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Premiumization Efforts, Higher AURs Paying Off for Kontoor Brands

When it’s deliver-or-die, supply chains become the lifeblood of a company. To that end, the fashion industry has embraced technology to navigate today’s hyper-complicated supply chain, with myriad solutions shaping the first, middle and last mile. Call it Sourcing 2.0.

Kontoor Brands’ efforts to elevate the Wrangler and Lee brands are paying off. During a Q4 2021 earnings call with investors on Tuesday, president and CEO Scott Baxter said those efforts, combined with category expansion and product innovation, are contributing to the company’s success and fueling his confidence for the future.

The sentiment is shared across the industry as a whole, as denim’s revived trend cycle takes hold and shoppers continue to shift to more casual styles. At Lee and Wrangler—two brands known for honoring denim’s workwear and Western roots—the success is encouraging executives to project a fruitful 2022. Baxter said the team anticipates 2022 revenue numbers to hit $2.7 billion, a full year ahead of its 2023 target set during last year’s Investor Day. “Even while supply chain challenges weighed on the top line,” revenue totaled $2.48 billion in 2021 across both brands—seven points above its original projections, he said.

“I have even greater confidence today that Kontoor and our Wrangler and Lee brands are now uniquely positioned to win in the marketplace to drive more sustainable and profitable long-term growth and to create value for all of our stakeholders,” he said.

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Wrangler

Also fueling confidence for the coming year is Wrangler’s 75th anniversary celebrations, which will see events, special partnerships and collaborations spaced out throughout 2022.

“As we begin our 75th anniversary year for Wrangler, demand for the brand has never been stronger,” said Tom Waldron, global brand president at Wrangler.

The brand started its festivities digitally with a metaverse debut featuring Grammy award-winning artist and longtime Wrangler fan Leon Bridges. The partnership included a two-part NFT drop under the name “Mr. Wrangler” that centers on a denim suit specially designed for Bridges. Wrangler auctioned 75 digitally animated NFTs featuring a ghost model of the suit reenacting one of Bridges’ signature dance moves.

Each purchase unlocked private access to digital communities, virtual Wrangler-branded metaverse wearables and a VIP pass to an exclusive performance by Bridges at New York Fashion Week in September, when the brand will unveil the second tier of the NFT offering: a physical replica of the suit delivered in a retro-futuristic case. The suit will contain a “vault of digital content” sewn into its seams, giving the buyer exclusive access to content Bridges created just for them. The accompanying one-of-one digital NFT will represent ownership on the blockchain, which will live exclusively on the LTD.INC platform. The brand will also host a “Wranglerverse” metaverse event that same month that’s open to all.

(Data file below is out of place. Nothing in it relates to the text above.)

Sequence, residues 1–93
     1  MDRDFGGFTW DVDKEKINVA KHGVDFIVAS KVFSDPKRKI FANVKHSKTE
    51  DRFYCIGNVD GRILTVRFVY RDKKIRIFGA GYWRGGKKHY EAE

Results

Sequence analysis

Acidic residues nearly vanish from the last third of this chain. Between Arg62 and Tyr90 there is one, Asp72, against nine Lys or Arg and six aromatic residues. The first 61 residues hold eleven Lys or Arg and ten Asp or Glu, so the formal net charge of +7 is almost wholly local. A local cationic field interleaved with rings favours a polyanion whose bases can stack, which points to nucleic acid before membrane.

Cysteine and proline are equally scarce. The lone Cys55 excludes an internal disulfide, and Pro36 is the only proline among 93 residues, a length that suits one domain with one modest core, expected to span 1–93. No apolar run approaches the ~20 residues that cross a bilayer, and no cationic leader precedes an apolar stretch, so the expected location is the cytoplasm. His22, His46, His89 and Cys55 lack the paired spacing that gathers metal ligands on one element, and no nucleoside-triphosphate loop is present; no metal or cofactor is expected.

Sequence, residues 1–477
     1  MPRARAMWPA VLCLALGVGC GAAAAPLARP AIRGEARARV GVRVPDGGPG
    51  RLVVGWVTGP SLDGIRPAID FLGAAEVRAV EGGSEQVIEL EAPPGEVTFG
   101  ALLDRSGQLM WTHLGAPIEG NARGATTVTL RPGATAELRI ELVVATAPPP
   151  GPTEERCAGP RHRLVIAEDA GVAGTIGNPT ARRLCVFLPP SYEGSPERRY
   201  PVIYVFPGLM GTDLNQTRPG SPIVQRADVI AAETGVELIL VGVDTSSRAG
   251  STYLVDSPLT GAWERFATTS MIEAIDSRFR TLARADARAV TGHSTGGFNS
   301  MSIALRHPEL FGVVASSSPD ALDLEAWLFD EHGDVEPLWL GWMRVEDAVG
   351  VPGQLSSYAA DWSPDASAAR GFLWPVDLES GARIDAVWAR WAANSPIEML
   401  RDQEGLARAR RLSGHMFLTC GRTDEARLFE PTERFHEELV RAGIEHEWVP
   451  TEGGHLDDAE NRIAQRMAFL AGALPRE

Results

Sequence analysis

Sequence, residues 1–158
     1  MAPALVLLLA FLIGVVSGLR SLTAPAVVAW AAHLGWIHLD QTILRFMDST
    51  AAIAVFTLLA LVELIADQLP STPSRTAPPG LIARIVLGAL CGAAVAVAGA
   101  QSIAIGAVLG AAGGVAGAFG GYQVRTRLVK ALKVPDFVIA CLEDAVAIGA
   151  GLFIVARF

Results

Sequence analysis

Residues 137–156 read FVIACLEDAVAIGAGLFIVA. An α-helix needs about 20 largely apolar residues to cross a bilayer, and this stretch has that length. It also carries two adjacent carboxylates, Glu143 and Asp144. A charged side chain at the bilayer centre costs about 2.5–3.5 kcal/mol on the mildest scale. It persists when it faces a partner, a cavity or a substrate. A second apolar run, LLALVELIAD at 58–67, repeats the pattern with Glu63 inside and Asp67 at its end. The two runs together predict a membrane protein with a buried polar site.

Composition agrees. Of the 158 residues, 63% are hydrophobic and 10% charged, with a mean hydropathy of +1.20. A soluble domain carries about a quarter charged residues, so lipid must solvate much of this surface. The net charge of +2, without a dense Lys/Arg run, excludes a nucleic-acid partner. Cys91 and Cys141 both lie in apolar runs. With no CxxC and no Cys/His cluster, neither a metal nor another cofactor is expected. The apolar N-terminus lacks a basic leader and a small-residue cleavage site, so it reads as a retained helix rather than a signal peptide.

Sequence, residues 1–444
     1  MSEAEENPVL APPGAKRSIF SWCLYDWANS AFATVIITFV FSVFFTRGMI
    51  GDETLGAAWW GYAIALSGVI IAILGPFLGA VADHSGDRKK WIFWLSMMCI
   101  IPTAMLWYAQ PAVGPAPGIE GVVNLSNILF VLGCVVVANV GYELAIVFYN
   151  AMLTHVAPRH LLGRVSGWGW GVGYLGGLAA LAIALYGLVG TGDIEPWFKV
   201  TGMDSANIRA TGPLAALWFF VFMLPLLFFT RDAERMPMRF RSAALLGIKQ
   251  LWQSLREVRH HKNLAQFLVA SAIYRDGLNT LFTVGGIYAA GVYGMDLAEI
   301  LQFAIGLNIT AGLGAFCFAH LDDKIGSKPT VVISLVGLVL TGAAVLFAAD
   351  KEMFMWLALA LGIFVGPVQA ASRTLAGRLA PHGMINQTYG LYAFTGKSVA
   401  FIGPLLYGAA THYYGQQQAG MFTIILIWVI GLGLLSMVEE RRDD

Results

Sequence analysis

The partnership aims to reach a younger audience interested in the move to the metaverse—a goal also accomplished with its collaborations with surf brand Billabong and TV series “Yellowstone,” as well as its partnership with young British-American fashion model and designer Georgia May Jagger in 2021.

Also driving Wrangler’s success was its outdoor category expansion. Revenue from its All-Terrain Gear (ATG) outdoor line increased 45 percent in the U.S. during 2021 compared to 2019. The brand’s introduction of two new distribution partners, U.S. sporting goods store chain Academy Sports and Swiss sporting goods retailer Intersport, was a success: ATG is now available at nearly 900 retailers just three years after launch.

And while Wrangler’s men’s bottoms drove over 100 points of share gains in U.S. wholesale compared to 2019, it was the women’s category that was most popular. In fiscal 2021, Wrangler’s U.S. women’s business grew 84 percent since last year. The success was likely a result of elevated design and marketing, with more premium partnerships and marketing and higher AURs.

Lee

Lee is experiencing similar success, with a growing bottoms business despite exiting underperforming points of distribution and increasing pricing by 10 percent since 2018. Both U.S. male and female categories grew over 20 percent since last year, partially a result of a rebrand positioning the label toward new demographics.

“We had a repositioning of the Lee brand with the objective of bringing in a new younger consumer, and I’m really excited about the progress we’ve made,” said Chris Waldeck, global brand president, Lee.

The Lee Originals campaign in October featured young global activists and athletes, garnering more than 127 million digital media impressions across social and live streaming platforms targeting the key 18- to 24-year-old demographic.

In fiscal 2021, Lee’s global revenue grew 26 percent year over year. In Q4 alone, revenue was up 14 percent compared to 2020 and up 19 percent compared to 2019. And while surging raw materials prices and global events fuel uncertainty in 2022, Waldeck remains confident in the brand.

“During periods of uncertainty, consumers historically just gravitate to brands they trust,” he said. “And in this exacerbated period of rising prices, consumers look for those brands that deliver good deal performance and of course, value.”